conflict & communication online, Vol. 12, No. 2, 2013
ISSN 1618-0747




Beverly Deepe Keever (2013). Death Zones and Darling Spies: Seven Years of Vietnam War Reporting. Lincoln, NE: University of Nebraska Press.

Beverly Keever was a young journalist when US troops started to intervene in the conflict between South and North Vietnam. Keever had a desire to see the world and a fervent interest in East Asian countries and cultures. Thus she decided to visit Vietnam as the conflict began to “heat up.” It was meant to be a short visit, but it ended being a long chapter or several chapters of her life.
Keever reported from Vietnam from 1962 until 1969. When she left the country, she had worked there longer than any other Western journalist before her. Now about 40 years later, she has written her memoirs about that time. The reason for this, she notes, is that in Iraq and in Afghanistan the United States is repeating the same failures and errors which happened in Vietnam.
During the seven years Keever worked in Vietnam, the top level of the South Vietnamese state and army changed eight times. Each change produced several changes and instability in the rest of the country. One “coup” on the top level could lead to the replacement of numerous chiefs in the provinces. The US Ambassador in Saigon was changed five times, but the top US general only three times. Everything else changed, but Keever stayed. Partly because of these kinds of changes, organizations often have no memory, but Keever has. Her archives are rich and detailed. If someone can tell reliably “what it was like” in those years, it is surely Beverly Keever.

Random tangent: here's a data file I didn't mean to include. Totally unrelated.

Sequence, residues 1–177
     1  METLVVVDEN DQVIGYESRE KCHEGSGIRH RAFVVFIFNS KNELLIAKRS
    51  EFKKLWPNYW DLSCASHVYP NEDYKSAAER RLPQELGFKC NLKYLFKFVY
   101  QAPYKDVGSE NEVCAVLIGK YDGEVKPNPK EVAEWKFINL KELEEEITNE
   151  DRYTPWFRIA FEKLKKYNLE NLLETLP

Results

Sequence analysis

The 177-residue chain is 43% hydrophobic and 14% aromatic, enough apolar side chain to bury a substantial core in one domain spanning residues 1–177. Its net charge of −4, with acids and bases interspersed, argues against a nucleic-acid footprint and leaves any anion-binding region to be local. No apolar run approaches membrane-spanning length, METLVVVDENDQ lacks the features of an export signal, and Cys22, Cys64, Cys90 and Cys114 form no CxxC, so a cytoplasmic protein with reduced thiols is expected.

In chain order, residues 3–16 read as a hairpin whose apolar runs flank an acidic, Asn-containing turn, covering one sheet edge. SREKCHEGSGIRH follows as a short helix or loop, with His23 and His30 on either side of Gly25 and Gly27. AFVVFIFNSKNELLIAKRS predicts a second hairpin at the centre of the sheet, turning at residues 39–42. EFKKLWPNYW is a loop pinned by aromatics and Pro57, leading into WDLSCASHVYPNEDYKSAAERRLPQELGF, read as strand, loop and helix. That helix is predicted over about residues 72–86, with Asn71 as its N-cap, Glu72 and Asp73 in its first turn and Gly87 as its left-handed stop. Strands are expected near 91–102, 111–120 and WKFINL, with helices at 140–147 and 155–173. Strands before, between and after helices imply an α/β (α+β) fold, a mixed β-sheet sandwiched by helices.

The book is well-written. Its text is fluent, vivid and analytical. The general political frame is well drawn, while one has the feeling of being consistently in touch on the grass-roots level. One feels the strange or even bizarre atmosphere of a life in which every moment can be the last, and life is often an interaction of masked figures whose real faces remain unknown. Thus twenty years after leaving Vietnam, Kiever learned that one of her closest friends and colleagues was a hard-core spy.  The life of this man, Pham Xuan An (“a spy who loved us”), could be compared to the wildest legends of Second World War espionage and, has already been depicted in at least two biographies. Keever offered  asylum to An’s wife and children in United States after North Vietnamese troops seized Saigon in 1975, and she was expecting to meet them all again, which in fact never happened. An died in 2006 as a senior lieutenant general in the North Vietnamese army. Still worth noting is that An’s closest friend during the war was of course a long-time CIA agent.
Keever describes chronologically her life and work beginning with her arrival in Saigon at the beginning of 1962 up until her departure seven years later. She worked first as a freelancer, later as a correspondent for the New York Herald Tribune and still later for the Christian Science Monitor, gaining international recognition and a good reputation for her work, among other things in the form of a Pulitzer Prize nomination.